Bikes for the World

Monday, April 22, 2013

A Twist: Bringing Bikes BACK From Africa

In honor of Earth Day, a post about why I love my bike! In an odd twist, this bike was actually imported from Africa, instead of the other way around.

Bikes for the World collects and ships over 10,000 bikes annually in and around the DC area. Many of these bikes end up in Central America and Africa. In fact, last year alone, BfW shipped over 13,500 bikes to about a dozen countries, including the Philippines.

Bikes for the World operates to make quality used bicycles and parts affordable and available to lower income people and select institutions in developing countries to enhance their lives and livelihoods through better transport. BfW also places a high emphasis on the bike's ability to generate employment especially through bicycle repair and maintenance.

Courtesy Zambikes
Another group interested in a similar focus is Zambikes in Africa. The Zambike mission is actually dedicated to saving lives by connecting villages to critical medical treatment in Africa through transportation solutions. Their focus: The Zambulance.

Zambikes creates local jobs by creating and building locally, in Zambia and Uganda, high quality, affordable bikes built specifically for African roads. They also build specialty carts to haul product and people. Oh, and let's not forget  bamboo bikes, built using locally grown and sustainable materials for the global market.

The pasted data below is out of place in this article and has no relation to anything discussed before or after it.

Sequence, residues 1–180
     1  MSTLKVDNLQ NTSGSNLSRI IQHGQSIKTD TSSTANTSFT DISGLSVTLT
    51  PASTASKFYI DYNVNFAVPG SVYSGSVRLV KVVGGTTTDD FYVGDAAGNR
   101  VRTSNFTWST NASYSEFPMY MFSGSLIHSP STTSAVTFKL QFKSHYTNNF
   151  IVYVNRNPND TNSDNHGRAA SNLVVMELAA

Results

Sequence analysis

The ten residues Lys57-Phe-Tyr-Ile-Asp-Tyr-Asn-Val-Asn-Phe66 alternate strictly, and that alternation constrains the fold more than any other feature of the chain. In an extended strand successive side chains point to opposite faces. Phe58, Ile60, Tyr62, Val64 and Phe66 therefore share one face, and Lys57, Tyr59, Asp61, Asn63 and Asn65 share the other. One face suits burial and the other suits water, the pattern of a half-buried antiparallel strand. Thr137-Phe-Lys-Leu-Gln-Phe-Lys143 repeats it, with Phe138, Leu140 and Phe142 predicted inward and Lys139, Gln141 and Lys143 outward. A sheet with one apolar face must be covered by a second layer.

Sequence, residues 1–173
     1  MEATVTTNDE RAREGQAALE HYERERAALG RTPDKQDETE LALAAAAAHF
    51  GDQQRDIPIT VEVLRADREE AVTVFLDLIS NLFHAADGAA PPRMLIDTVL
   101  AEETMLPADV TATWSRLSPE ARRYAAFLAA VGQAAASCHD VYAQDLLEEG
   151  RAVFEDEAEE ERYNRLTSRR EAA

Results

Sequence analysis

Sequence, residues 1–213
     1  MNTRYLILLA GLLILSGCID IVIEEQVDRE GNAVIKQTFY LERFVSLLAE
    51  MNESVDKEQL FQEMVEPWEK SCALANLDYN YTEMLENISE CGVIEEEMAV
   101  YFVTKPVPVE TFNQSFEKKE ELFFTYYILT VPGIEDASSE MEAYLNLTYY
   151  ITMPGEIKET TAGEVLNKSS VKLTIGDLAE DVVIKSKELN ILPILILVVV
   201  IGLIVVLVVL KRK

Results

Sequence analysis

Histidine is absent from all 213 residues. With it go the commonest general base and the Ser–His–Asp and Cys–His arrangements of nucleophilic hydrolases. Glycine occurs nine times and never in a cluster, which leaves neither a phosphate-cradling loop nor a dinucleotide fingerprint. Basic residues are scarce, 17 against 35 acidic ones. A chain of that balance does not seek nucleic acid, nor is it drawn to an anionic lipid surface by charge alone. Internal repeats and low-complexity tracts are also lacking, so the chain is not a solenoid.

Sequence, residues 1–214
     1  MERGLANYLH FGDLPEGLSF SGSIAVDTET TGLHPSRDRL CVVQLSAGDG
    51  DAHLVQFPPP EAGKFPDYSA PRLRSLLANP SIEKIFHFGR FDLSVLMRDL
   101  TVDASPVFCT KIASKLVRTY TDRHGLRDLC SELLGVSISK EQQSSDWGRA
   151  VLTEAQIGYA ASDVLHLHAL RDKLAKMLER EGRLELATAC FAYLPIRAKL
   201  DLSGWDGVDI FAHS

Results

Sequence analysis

If you've been to a BfW event, especially a 'green' event, you may have seen my Zambike in person. It's made with bamboo, hemp, and resin and it's a great ride! People always stop and ask about it, some telling me about their failed attempts to make one of their own. I've had this bike for about two years now and it's held up great. It rides a bit like steel but without the weight. It absorbs the bumps in the road and smooths them out in way unlike aluminum. It's absolutely perfect for the city bumps in and around DC. The frame itself weighs about 11 lbs.

More importantly this bike, and others like it, creates employment for over 35 Zambians. Below you can see John cutting the bamboo from a field, Danny baking it for strength, Mazimba working the jig, Esnard affixing logos, and Stain (I'm guessing a nickname) spraying the final product.
JOHN courtesy Zambikes
DANNY courtesy Zambikes



















MAZIMBA courtesy Zambikes
ESNARD courtesy Zambikes


















STAIN courtesy Zambikes

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